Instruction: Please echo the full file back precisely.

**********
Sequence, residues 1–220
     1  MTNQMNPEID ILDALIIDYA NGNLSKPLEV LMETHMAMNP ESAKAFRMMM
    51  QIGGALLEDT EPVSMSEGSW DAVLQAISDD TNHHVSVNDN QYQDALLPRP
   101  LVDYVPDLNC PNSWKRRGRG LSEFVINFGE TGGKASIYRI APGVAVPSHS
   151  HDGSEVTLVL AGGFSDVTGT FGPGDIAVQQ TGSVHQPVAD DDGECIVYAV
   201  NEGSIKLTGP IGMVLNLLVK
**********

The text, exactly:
Sequence, residues 1–220
     1  MTNQMNPEID ILDALIIDYA NGNLSKPLEV LMETHMAMNP ESAKAFRMMM
    51  QIGGALLEDT EPVSMSEGSW DAVLQAISDD TNHHVSVNDN QYQDALLPRP
   101  LVDYVPDLNC PNSWKRRGRG LSEFVINFGE TGGKASIYRI APGVAVPSHS
   151  HDGSEVTLVL AGGFSDVTGT FGPGDIAVQQ TGSVHQPVAD DDGECIVYAV
   201  NEGSIKLTGP IGMVLNLLVK